The second port of call in the Falklands was Stanley, the capital and only major settlement on the islands with 72% of the total population.


As at Westpoint Island, Discovery anchored outside the harbor and we took the tenders in. There were a number of tour options here. Jim and I elected to explore the town on our own in the morning, catch a bite to eat, and then take a bus tour to a working farm about an hour from Stanley.

The peninsula across the harbor has the names of several ships highlighted in white stone. This is the Royal Navy Vessel Monument and honors ships that served in either the Antarctic Ice Patrol or were assigned to protect the Falkland Islands. There are six ships so honored.

News Gazette

But first...

Our local paper, the Lexington News-Gazette, has an annual program wherein people take pictures of their vacations with the paper. We've taken that paper all over the world.

War souvenir

Not everyone has a war souvenir in their driveway. Gleanings from the WWW indicate that it is probably an armored car, Panhard AML-90. These were used by the Argentine forces in the Falklands and abandoned when they withdrew -- along with many thousands of land mines.


At least one of these wreathes at the local cemetery was placed by SAMA in honor of those who participated in the Falklands war. They are at the base of the Cross of Sacrifice commemorating those who served in the world wars. Other wreathes may have a different provenance.

They were probably placed at the memorial on Remembrance Day, 11 November, shortly before our visit. I was struck by the use of large stones to keep the wreathes from blowing away.

There is a separate memorial specific to those who died in the Falklands war. We didn't get to it.

Cemetery bell

I am a sucker for cemeteries. Something new to me was glass domes or spheres, seen on several graves, protecting flowers or other decorations. A visit to the WWW describes such displays as immortelles.

They first became popular in Victorian times, but according to one reference, most surviving examples date from 1900-1950. Sometimes the glass is enclosed in a wire cage for protection.

Diamond jubilee houses

This block of houses with the diamond pattern on the end wall was built in the year of Queen Victoria's Diamond Jubilee to celebrate her 60 years on the throne.

As I'm updating this travelogue, Queen Elizabeth II, is preparing to celebrate her Platinum Jubilee, 70 years on the throne.

Pub grub

Jim and I had lunch on the back deck of a local pub. (The "Merry Christmas" sign was incongruous as we broiled in the summer sun.)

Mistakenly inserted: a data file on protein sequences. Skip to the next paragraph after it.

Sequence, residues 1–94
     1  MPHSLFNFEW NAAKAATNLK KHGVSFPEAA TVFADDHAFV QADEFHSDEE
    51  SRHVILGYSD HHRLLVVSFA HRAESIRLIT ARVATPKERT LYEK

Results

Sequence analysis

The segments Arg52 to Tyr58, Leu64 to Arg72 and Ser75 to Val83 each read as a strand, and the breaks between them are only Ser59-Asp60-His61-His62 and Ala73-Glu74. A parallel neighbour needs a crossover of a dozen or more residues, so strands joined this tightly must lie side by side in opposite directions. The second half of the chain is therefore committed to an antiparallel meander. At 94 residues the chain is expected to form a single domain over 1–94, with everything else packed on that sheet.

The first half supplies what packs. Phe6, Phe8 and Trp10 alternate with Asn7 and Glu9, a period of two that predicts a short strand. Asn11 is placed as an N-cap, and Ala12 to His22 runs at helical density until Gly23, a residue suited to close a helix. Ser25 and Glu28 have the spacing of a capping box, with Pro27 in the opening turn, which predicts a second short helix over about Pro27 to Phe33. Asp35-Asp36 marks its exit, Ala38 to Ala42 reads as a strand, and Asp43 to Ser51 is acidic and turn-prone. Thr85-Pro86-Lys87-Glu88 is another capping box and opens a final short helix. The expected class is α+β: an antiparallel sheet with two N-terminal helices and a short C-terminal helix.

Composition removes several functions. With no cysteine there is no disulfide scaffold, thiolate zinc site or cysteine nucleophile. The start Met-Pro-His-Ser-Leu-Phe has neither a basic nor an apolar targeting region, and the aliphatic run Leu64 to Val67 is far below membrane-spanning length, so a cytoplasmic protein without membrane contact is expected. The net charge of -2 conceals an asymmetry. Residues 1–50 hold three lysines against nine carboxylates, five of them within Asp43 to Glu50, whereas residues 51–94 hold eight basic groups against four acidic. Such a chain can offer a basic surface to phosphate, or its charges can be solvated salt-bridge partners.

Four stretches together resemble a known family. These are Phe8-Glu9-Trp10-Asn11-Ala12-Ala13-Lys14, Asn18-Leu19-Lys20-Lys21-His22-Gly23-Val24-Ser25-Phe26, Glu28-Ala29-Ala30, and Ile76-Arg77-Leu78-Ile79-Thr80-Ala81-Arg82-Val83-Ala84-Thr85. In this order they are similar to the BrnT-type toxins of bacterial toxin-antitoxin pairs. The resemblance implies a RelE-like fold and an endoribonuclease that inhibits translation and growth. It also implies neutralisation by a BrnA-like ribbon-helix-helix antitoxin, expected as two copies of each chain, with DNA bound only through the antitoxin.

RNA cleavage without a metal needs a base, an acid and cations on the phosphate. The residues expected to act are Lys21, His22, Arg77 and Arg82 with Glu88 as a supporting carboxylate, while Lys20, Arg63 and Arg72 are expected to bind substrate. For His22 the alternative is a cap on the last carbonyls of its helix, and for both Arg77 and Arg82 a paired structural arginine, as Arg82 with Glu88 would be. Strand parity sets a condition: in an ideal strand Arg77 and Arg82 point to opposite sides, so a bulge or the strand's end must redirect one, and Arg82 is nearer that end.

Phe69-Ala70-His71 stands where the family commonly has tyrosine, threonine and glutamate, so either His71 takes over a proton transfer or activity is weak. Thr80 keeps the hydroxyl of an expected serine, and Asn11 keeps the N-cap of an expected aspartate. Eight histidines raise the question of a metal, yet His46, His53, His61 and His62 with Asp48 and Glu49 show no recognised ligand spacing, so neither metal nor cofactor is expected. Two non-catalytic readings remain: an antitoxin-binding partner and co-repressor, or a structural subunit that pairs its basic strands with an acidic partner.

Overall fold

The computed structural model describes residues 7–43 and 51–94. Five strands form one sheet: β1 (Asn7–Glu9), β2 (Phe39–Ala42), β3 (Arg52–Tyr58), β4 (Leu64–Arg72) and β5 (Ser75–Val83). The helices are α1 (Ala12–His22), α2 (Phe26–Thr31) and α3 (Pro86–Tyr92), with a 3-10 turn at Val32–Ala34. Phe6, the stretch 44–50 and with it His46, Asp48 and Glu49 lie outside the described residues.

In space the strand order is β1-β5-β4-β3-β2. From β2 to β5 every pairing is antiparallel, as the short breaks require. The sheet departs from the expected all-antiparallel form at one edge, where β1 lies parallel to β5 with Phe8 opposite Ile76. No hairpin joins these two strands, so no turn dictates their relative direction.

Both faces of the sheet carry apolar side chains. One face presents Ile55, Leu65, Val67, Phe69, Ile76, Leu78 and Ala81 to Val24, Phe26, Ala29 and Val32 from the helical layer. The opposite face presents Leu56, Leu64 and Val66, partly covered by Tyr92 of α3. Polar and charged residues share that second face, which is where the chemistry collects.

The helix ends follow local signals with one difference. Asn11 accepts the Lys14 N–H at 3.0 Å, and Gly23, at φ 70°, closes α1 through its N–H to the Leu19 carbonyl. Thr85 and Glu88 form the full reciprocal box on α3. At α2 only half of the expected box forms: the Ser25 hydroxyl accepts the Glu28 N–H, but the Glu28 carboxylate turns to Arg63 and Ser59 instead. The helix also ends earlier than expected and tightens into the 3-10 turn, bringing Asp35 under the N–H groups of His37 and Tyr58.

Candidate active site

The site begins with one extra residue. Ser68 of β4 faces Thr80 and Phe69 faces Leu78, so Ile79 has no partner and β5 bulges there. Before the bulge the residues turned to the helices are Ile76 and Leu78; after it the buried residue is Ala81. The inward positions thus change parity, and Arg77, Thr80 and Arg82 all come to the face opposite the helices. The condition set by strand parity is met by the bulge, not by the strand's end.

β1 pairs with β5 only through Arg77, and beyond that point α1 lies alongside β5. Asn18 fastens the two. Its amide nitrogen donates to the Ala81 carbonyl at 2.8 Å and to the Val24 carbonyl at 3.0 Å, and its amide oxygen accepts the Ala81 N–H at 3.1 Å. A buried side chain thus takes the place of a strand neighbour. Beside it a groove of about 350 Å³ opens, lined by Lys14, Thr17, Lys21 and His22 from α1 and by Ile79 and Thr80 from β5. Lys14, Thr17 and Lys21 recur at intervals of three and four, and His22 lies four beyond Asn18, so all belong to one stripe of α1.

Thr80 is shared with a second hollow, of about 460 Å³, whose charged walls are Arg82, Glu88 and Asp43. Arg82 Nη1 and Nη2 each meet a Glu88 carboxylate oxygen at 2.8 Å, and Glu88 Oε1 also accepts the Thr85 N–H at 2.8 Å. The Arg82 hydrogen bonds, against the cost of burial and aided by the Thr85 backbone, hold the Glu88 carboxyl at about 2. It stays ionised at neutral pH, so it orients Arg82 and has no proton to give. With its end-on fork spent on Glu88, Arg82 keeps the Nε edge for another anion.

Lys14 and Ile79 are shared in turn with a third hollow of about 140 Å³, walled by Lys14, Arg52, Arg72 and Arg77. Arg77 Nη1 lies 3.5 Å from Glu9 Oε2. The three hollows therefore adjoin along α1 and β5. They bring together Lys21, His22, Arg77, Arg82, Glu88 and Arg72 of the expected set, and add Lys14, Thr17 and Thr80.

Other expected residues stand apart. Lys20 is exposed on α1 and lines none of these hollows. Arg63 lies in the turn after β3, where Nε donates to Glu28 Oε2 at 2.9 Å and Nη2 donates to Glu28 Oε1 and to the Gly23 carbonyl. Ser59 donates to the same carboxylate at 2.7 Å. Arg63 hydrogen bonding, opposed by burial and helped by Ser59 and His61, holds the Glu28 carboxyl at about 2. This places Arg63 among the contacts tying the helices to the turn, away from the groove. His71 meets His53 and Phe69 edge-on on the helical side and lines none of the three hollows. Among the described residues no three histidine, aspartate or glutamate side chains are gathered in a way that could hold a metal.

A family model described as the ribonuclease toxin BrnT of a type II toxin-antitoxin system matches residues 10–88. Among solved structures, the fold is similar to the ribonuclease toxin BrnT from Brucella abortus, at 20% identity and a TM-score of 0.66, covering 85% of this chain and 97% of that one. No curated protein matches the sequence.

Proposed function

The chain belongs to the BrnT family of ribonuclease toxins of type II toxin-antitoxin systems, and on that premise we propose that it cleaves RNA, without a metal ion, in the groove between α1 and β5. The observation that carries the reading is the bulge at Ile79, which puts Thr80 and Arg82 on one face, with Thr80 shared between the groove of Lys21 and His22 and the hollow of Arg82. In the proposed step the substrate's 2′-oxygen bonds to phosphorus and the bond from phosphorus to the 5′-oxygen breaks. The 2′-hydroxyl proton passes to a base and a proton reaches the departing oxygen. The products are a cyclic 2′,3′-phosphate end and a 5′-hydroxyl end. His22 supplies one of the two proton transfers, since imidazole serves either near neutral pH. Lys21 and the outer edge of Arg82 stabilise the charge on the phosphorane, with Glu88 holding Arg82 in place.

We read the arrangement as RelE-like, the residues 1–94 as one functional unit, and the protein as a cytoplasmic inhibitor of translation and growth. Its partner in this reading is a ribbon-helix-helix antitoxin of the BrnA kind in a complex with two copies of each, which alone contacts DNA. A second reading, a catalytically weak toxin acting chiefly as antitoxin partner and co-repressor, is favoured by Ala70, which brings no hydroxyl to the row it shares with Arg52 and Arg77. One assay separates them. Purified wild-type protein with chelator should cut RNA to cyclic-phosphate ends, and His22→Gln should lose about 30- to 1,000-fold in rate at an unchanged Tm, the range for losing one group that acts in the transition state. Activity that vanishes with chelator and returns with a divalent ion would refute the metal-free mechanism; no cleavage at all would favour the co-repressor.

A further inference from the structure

A visiting Falklands war vet shared the deck with us. When he heard we had come on the Discovery, he told us that the captain had also served in the war. While we were in town, the local air squadron buzzed the ship to salute him.

He had many interesting and poignant stories about his experiences in the war -- not least of which was the memory of the days/weeks of nervous anticipation as the troop ships steamed south.


After lunch we met up for an excursion to Long Island Farm where we learned about sheep husbandry, peat production, and other things.

Sheep have long been a staple of the Falklands economy. The breeds commonly used are Corriedale and Polwarth (these appear to be Corriedale).

On a later trip to the Falklands, I purchased a wool scarf that is exceptionally fine wool. I am sensitive to itchiness and I can wear that scarf next to my skin with no ill effects.

Shearing machinery

The shearing shed is set up to support multiple stations with a single driver.

Sheep shearing

The sheep was quite docile during the demonstration. The shearer's goal is to extract the pelt in a single piece.

Skinny sheep

Without all that wool, the sheep is a shadow of her former self. She seeks the comfort of her woolier mates.

Note the long tail, which unfortunately got nicked in shearing. The relative absence of flies in the Falklands means the tails don't have to be docked.


Peat, not to be confused with peat moss, is essentially an organic mud cut out of the ground. After curing in the sun for a period of time, it can be stored and burned as fuel. Dirt cheap energy!

Except that it is still a fossil fuel of limited supply.

The sod on top of the peat bank is preserved and replaced to prevent runoff and erosion after the bank is cut away.

Peat lecture

We learned all about peat's origins, harvesting, and use.

A peat fire has a distinctive smell. I expect I would recognize it again today.

Horse dressing

Another demonstration illustrated the local style of horse clothing. It is similar to that used in Argentina. The "saddle" is quite comfortable for the rider.

An annual horse racing and community event occurs each "Boxing Day" (26 December) near Stanley. I doubt this creature would be competitive. Click for a lively YouTube video of the 2019 event.

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